Supreme Court References Plain Language of FTC Act Section 13(b) During Oral Argument
As previously blogged about here, here and here, the FTC’s remedial authority is under attack.
Recently, the Supreme Court has heard long-awaited oral arguments in the AMG Capital Management, LLC v. Federal Trade Commission matter. The issue in AMG is whether the FTC is statutorily entitled to use Section 13(b) of the FTC Act to obtain monetary remedies in federal court.
In AMG, the FTC sued the defendants under Section 13(b) of the Act. Ultimately, the court awarded $1B in “equitable monetary relief.” The case was appealed, the legal argument being that Section 13(b) permits equitable, injunctive relief, not monetary relief in federal court. The Ninth Circuit affirmed. AMG’s petitioned the Supreme Court. The petition was granted.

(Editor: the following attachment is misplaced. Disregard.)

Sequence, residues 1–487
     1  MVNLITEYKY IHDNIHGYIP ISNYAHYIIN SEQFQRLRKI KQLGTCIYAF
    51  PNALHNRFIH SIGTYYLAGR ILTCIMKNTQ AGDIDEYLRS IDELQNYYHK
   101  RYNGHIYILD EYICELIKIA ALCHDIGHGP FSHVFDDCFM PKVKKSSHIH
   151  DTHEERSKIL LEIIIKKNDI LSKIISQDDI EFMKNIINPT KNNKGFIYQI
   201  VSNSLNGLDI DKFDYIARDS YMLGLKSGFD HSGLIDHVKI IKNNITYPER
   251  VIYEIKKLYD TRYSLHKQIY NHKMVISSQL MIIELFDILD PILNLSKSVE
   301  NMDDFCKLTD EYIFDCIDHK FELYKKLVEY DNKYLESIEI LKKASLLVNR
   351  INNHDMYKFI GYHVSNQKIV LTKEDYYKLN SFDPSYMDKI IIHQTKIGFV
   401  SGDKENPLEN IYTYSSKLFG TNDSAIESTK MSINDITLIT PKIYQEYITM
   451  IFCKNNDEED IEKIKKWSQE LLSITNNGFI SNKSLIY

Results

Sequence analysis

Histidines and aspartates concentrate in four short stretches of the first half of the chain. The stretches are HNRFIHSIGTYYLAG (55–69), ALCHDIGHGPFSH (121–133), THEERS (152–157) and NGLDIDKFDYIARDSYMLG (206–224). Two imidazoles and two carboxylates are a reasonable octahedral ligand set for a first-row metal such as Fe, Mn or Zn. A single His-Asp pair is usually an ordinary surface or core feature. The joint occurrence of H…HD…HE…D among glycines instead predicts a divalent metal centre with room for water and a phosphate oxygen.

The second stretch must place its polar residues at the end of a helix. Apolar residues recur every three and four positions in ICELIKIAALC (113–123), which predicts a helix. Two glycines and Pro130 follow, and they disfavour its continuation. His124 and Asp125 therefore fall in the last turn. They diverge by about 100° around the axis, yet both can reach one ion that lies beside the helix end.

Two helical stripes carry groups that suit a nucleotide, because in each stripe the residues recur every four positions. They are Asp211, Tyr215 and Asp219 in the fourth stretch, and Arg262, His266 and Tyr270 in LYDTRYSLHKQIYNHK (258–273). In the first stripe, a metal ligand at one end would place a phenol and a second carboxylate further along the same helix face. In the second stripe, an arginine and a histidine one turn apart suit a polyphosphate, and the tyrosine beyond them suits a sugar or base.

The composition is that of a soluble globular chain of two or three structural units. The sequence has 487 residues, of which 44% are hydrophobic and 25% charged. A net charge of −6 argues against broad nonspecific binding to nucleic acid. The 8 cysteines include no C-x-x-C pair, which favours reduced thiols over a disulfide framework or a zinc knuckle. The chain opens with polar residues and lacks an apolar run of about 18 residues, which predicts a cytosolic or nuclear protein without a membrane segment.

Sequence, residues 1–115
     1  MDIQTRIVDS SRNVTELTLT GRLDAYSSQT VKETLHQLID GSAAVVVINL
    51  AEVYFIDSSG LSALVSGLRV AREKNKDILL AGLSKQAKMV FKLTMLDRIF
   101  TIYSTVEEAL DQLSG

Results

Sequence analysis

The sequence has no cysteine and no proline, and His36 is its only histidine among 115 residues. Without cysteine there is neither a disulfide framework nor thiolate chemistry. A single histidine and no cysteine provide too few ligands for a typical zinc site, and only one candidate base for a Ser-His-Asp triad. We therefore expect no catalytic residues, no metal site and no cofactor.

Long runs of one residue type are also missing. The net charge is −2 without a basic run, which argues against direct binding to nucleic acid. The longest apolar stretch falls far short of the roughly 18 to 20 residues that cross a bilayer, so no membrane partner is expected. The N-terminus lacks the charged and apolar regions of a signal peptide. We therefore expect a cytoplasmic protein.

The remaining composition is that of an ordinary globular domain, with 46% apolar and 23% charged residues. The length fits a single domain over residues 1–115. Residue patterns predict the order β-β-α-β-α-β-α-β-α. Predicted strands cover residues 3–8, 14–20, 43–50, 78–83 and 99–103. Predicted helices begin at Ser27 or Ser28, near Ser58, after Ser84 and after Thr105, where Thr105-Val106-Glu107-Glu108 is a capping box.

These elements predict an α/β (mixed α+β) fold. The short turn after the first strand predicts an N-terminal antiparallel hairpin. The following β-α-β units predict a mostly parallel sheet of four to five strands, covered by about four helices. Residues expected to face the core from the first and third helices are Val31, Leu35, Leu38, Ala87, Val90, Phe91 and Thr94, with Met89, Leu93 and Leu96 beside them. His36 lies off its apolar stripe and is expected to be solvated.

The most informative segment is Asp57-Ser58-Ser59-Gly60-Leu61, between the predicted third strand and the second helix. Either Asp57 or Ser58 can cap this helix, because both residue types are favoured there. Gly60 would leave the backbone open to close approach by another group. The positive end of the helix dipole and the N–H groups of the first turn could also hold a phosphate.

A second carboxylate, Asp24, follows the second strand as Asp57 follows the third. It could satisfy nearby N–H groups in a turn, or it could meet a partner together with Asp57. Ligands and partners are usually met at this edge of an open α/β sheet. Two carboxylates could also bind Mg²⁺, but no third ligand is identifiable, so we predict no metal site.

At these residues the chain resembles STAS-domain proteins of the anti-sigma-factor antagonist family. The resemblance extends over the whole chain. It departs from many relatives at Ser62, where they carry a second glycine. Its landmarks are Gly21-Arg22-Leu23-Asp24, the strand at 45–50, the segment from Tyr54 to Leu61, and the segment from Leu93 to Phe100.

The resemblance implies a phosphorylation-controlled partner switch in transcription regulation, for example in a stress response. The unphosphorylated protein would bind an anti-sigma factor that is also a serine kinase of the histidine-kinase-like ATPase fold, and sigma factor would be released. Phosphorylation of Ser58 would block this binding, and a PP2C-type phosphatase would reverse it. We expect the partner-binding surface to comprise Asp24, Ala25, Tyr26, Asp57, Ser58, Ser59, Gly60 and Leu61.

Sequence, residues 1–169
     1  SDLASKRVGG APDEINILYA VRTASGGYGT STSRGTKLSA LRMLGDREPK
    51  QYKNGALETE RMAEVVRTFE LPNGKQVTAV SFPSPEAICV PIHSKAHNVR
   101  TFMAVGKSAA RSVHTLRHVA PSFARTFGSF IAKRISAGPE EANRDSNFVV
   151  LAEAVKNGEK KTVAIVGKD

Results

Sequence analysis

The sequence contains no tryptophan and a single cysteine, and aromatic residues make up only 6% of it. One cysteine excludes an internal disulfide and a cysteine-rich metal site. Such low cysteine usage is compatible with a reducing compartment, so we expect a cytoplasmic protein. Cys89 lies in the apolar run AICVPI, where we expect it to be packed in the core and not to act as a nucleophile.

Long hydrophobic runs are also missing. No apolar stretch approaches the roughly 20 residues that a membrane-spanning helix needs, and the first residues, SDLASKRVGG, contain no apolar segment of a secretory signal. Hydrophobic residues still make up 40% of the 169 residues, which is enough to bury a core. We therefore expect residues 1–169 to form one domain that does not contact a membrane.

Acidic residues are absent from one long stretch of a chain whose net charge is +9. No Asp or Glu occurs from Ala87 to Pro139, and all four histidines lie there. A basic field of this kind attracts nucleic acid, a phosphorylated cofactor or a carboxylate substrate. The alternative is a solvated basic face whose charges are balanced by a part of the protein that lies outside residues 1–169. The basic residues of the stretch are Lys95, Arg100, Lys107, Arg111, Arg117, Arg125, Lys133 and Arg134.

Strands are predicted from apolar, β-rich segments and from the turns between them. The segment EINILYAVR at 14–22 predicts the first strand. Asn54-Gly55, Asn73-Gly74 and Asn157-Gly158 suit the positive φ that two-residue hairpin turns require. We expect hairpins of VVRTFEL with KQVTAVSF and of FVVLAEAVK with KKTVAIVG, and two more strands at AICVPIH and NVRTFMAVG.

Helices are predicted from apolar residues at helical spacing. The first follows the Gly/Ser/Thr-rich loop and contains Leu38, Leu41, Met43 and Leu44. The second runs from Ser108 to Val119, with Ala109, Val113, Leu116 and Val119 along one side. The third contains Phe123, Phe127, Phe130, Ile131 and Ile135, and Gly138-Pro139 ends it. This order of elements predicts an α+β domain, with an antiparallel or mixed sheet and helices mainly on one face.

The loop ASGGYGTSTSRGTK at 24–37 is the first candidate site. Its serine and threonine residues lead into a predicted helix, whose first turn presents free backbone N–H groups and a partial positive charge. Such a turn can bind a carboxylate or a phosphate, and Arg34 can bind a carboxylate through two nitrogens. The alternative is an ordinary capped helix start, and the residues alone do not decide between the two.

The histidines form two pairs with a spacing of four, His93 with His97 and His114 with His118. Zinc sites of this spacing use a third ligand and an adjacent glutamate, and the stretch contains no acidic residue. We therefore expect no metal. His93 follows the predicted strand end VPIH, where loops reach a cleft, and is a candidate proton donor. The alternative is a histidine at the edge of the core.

As anticipated, the FTC argued that legislative intent was that the FTC possesses the ability to seek and obtain broad “equitable monetary relief” in federal court along with equitable, injunctive relief. As anticipated, counsel for AMG argued that the “way we determine Congress’s intent is by looking at the words on the page.
The Justices balanced concerns about providing defendants with a windfall of ill-gotten gains with a narrow interpretation of the plain statutory text against Sections 19 and 5(l) of the FTC Act which provide the Agency with remedial alternatives.
Perhaps most telling are comments made by Justice Kavanaugh, who stated that “it seems the problem you have is the text.”
While the result is impossible to predict, that comment might cause the FTC some concern. As might him asking “Why isn’t the answer here for the Agency to seek this new authority from Congress for us to maintain a principle of separation of powers?” Relief for the FTC may ultimately have to take the form of a legislative fix.
Richard B. Newman is an FTC advertising practices attorney at Hinch Newman LLP.
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